How to keep focused over the ‘silly season’

How to keep focused over the ‘silly season’

Many people find it difficult to stay healthy over the silly season, with an array of temptations to throw you off track… Christmas treats, chocolate in abundance, large amounts of alcohol and more.

Ignorance can be bliss, but knowledge is power!

To finish off December without your health going downhill, here are the key temptations you need to watch:

Food and generosity go hand-in-hand

Food items can be a great Christmas gift, but keep an eye on how much you are 'picking at' over the day. As a treat, 1-2 fruit mince pies or 1-2 gingerbread men are fine – have more, and you risk weight gain.

It’s easier to pick at treats the closer you are to the food source. No one can resist constant temptation! If possible, try to sit away from the goodies or keep them out of sight.

Excess is everywhere

At functions where canapés are being served, be conscious of the amount you are eating.

If a plate is available, fill one (or two smaller plates) with your food options. This will give you a visual signal that you’ve had enough. In addition to this, keep an eye out for the vegetarian choices.

A beverage or two...it all adds up

Drinks contribute to your calorie intake, and with its appetite-stimulating effects it can make managing weight difficult.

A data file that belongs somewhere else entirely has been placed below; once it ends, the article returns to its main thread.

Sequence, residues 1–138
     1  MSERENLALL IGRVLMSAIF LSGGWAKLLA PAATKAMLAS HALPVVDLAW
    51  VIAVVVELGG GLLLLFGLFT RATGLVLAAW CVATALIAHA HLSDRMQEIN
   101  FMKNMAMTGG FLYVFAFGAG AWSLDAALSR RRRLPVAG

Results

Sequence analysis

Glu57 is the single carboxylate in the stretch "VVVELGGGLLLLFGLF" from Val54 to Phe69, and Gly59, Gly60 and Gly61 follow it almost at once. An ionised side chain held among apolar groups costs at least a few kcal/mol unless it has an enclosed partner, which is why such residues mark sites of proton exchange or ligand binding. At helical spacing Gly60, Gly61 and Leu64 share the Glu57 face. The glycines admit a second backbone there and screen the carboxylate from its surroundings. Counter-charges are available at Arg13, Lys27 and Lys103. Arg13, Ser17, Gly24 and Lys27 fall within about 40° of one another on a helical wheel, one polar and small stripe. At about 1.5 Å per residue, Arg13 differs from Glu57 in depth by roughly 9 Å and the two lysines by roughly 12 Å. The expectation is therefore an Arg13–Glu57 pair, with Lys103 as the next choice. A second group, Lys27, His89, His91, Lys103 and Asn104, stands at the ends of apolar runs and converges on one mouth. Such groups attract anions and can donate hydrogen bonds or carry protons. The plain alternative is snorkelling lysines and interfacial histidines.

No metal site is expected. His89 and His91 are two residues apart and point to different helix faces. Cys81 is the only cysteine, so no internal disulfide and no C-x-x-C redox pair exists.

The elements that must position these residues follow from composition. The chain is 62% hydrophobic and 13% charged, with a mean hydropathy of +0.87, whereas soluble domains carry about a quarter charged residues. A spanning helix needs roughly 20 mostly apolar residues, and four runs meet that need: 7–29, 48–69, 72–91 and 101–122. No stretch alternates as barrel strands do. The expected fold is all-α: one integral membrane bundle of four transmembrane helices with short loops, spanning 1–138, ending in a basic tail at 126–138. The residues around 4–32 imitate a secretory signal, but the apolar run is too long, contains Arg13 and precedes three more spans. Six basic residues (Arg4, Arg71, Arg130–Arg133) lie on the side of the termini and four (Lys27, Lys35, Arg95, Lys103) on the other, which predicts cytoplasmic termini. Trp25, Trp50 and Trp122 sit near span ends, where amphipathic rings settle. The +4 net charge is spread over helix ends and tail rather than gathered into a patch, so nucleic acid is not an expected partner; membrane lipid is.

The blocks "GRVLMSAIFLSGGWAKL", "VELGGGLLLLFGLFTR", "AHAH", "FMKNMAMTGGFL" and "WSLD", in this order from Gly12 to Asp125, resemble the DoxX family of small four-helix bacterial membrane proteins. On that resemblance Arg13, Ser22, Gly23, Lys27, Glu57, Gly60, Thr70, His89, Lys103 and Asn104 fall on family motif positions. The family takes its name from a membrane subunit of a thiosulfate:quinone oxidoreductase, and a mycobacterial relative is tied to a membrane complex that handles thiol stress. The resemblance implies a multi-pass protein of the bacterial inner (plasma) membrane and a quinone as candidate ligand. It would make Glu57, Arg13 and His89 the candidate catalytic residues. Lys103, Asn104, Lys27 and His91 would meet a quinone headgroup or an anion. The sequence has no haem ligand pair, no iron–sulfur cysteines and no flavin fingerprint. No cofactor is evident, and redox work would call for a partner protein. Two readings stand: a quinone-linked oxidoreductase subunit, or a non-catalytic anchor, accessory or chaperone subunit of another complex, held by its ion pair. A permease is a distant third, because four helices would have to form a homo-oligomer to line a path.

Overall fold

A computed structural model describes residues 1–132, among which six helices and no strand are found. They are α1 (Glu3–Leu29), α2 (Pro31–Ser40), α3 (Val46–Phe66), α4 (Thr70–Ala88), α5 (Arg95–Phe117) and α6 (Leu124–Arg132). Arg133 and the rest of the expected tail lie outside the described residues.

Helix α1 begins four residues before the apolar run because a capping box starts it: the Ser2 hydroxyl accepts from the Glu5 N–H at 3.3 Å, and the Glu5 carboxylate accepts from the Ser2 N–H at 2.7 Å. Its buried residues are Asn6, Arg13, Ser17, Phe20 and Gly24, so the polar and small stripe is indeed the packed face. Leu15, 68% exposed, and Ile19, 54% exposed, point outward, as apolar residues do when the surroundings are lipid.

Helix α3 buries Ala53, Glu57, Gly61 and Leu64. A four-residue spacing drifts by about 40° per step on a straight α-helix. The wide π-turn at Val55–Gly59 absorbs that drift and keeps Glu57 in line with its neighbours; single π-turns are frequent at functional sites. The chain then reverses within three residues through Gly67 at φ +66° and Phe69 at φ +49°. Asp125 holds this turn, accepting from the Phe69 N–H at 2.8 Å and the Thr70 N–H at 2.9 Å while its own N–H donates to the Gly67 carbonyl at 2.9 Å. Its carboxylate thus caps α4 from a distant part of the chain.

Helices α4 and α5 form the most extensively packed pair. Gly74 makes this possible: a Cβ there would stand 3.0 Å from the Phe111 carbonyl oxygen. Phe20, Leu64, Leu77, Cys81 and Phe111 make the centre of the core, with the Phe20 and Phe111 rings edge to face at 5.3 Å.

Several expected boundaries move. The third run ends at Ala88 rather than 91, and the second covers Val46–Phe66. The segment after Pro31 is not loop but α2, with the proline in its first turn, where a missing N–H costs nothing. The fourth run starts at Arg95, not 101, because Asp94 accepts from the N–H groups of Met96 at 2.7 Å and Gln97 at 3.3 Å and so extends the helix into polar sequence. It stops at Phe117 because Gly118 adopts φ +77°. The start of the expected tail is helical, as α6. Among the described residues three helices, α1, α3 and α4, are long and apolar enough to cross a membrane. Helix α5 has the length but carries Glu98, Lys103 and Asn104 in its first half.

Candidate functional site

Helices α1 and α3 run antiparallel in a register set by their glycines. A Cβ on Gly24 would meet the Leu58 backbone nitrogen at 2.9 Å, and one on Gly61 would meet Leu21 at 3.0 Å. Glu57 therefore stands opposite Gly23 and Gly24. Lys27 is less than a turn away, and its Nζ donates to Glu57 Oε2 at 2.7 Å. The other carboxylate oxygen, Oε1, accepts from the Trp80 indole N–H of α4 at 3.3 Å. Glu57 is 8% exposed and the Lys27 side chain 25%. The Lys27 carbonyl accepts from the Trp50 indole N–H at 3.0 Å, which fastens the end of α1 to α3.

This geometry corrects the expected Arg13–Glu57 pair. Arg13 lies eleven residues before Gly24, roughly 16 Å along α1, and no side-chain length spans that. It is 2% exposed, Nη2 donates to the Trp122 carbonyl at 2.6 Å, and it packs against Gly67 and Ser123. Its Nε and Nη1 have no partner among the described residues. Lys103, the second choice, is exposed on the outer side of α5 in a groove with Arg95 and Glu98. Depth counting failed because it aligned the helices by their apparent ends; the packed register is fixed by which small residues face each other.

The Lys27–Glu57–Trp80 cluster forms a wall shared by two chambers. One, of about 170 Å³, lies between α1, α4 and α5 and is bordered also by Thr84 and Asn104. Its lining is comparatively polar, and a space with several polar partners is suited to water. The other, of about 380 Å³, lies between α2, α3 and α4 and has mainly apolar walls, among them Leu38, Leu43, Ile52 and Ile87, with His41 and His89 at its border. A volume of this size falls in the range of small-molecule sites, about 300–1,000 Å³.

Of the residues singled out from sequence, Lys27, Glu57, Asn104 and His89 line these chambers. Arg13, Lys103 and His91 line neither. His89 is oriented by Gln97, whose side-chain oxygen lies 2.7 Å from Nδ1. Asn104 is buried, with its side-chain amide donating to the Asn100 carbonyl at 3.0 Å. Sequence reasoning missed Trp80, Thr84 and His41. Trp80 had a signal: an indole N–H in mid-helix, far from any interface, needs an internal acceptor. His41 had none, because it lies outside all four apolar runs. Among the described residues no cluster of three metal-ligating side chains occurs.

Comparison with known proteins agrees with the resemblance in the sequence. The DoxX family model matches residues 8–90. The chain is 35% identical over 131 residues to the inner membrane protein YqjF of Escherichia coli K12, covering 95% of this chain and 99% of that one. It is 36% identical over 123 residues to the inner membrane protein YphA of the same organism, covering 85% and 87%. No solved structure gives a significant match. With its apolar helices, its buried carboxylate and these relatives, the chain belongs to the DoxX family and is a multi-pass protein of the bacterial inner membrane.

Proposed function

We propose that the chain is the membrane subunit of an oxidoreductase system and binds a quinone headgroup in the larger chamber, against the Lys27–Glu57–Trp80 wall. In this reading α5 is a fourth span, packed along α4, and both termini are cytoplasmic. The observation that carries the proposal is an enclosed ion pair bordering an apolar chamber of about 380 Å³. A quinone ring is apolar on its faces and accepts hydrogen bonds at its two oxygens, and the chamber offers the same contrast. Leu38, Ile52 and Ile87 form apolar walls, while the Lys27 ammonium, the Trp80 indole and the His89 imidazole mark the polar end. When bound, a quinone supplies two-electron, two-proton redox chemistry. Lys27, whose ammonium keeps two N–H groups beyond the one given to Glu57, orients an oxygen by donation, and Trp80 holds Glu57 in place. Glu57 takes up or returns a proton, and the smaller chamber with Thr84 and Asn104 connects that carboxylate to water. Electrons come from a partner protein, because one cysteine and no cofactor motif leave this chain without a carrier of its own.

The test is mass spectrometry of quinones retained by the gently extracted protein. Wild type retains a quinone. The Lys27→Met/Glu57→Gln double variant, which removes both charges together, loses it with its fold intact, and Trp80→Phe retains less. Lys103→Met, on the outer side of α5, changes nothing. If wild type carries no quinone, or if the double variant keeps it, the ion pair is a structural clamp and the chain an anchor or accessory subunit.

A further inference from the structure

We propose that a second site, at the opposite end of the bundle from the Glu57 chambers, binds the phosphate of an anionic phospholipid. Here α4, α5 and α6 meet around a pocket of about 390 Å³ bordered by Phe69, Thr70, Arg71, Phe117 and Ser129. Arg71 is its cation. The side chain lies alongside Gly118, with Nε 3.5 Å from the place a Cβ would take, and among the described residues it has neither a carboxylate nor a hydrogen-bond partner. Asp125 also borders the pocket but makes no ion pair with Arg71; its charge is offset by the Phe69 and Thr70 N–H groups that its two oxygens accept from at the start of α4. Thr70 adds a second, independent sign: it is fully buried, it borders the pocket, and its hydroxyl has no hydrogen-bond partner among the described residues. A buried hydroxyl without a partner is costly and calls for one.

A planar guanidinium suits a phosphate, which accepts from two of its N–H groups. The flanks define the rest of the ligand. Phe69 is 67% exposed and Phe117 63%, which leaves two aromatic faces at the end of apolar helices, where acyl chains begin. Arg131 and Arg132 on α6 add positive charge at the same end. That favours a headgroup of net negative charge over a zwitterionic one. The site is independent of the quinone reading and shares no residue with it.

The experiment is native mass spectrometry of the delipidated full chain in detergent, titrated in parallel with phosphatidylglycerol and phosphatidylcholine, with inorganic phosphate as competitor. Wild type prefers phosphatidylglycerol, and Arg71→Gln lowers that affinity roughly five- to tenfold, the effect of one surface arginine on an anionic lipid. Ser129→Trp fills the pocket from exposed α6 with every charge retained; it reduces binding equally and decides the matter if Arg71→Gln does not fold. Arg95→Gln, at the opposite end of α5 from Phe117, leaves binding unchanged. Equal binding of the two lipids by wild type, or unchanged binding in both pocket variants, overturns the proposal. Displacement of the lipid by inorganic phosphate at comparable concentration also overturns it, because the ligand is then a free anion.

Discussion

Aim for 1-2 alcoholic drinks at an event, and keep two days of the week ‘alcohol free’. Consider every extra alcoholic drink you consume as calories you need to burn off through exercise.

No need to order extra

Portions can be tricky when eating out.

A good rule of thumb is to stick to two courses. Pick meals which contain some vegetables, and those you can visibly see on the plate. If vegetables are limited in your chosen dish, consider ordering a side-salad. Basically you should aim to eat a third of your meal as vegetables or salad.

It’s not all ruined during the silly season

Weight gain doesn't occur from one or two days of slip-ups. Don't be disheartened if you lapse! The silly season often presents as a health challenge, so recognise your temptations and learn for next time.

Realistically, you gain weight when you give up. And saying phrases like “the diet starts next year” should be avoided. It's not perfection, it’s progress.

Enjoy the holiday period and remember – if you do better than the last silly season, you have been successful!

Perryn Carroll is a weight-loss dietician who actively contributes and comments on obesity management issues. A self-confessed diet geek, Perryn writes for her website, Diet Duchess. She also regularly guest blogs and is a media spokesperson for the British Dietetic Association.

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